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Economy

Japanese restaurants hungry for part-time workers

TOKYO -- For many Japanese restaurant chains, the battle for employees is becoming even fiercer than the competition for customers. 

Yoshinoya's outlet near Shibuya Station in Tokyo offers exceptionally high hourly wages for part-time workers.

     Students and "freeters," or job-hopping part-time workers, are the backbone of the restaurant industry, allowing chains to keep labor costs down and profits up. But Japan's economic recovery means more of this once-plentiful labor pool is landing full-time employment elsewhere. As a result, chains are struggling to secure workers despite offering higher hourly wages.

Costly competition

The hardest-fought battle for part-time workers is taking place around Shibuya Station, one of Tokyo's busiest railway stations. 

     In early June, an outlet of gyudon beef bowl chain Yoshinoya put up posters advertising openings for part-time positions. The shop, located near a busy intersection in front of the station, was offering exceptionally high wages -- 1,500 yen ($14.5) per hour for night shifts and 1,200 yen for day shift. The nearby outlets of Yoshinoya's two main rivals, Sukiya and Matsuya, were also promising high hourly wages of between 1,100 and 1,375 yen.

     To put this into perspective, hourly wages for part-time workers at restaurants in the Tokyo metropolitan area as a whole average just 971 yen, according to a recent survey by employment information company Recruit Jobs.

    Some chains operating around Shibuya Station are growing desperate to attract applicants. A Gyu-Kaku yakiniku barbecue restaurant has put up a part-time recruitment poster taller than a person, while a Gusto family restaurant outlet located on the second floor of a building in the area has a now-hiring sign on ground level at the foot of the stairs leading up.

     The competition for employees is not limited to Tokyo, nor is it limited to restaurant chains. Convenience store operators, rushing to open new outlets, are also hungry for staff.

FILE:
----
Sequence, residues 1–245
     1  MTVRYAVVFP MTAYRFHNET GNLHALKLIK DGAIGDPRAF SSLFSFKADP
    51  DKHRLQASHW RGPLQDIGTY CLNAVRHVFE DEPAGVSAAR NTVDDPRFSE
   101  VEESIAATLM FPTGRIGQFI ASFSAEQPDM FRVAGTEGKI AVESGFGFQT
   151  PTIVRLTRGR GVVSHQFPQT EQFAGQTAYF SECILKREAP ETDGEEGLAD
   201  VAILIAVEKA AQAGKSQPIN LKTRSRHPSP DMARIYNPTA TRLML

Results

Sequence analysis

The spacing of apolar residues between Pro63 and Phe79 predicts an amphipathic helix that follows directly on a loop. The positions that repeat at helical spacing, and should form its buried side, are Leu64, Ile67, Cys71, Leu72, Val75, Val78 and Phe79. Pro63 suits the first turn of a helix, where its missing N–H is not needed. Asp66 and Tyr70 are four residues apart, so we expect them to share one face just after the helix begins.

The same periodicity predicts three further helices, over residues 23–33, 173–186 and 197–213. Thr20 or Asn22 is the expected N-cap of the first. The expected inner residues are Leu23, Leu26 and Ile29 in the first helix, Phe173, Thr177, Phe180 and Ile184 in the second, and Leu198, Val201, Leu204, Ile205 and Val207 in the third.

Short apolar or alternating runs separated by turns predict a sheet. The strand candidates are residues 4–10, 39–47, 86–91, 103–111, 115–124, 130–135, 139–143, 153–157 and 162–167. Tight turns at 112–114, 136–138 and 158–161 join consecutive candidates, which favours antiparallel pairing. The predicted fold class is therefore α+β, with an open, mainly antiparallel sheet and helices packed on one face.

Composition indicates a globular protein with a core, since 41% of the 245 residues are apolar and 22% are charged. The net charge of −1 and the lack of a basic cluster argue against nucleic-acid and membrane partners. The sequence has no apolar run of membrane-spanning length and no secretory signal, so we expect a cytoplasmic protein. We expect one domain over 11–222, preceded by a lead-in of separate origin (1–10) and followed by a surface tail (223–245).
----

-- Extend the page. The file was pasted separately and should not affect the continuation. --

"Some restaurants in urban areas have raised hourly wages by around 50 yen in the past year," an official at Recruit Jobs said. 

New ways to cope

Family restaurant operator Skylark started concentrating its part-timer recruiting activities at its headquarters in May after determining that individual outlets were no longer able to cope on their own. Skylark now matches applicants with outlets that meet their needs, such as location and work hours.

     Skylark "has been able to avoid a serious adverse impact (from the tight labor market) on its operations," said President Makoto Tani, though he added, "We still have trouble recruiting night-shift workers."

     Not all restaurant chains are having the same difficulty securing employees.

     An Excelsior Caffe coffee shop near Shibuya Station was recently offering an hourly wage of 950 yen, significantly lower than either gyudon restaurants or izakaya pub chains.

     "Part-time jobs at cafe chains are popular with young people," said Kazumasa Wakasugi, president of Dynac, which operates the Hibiki izakaya pub and other restaurant chains. "Those seeking part-time work are being swayed by the image," he said.

     Restaurant operator Toridoll has set a target of increasing the total number of its Marugame Seimen restaurants, which specialize in sanuki udon noodles, to 1,000, including outlets abroad. Toridoll plans to expand the chain's operations beyond its traditional base in suburban areas and into more urban locations.

     But President Takaya Awata admits this will not be easy. "Hourly wages in Tokyo are too high," he said. "We cannot open new outlets if we do not find properties with low rents."

     Labor shortages could become a major hurdle for many expansion-minded restaurant chains. 

(Nikkei)

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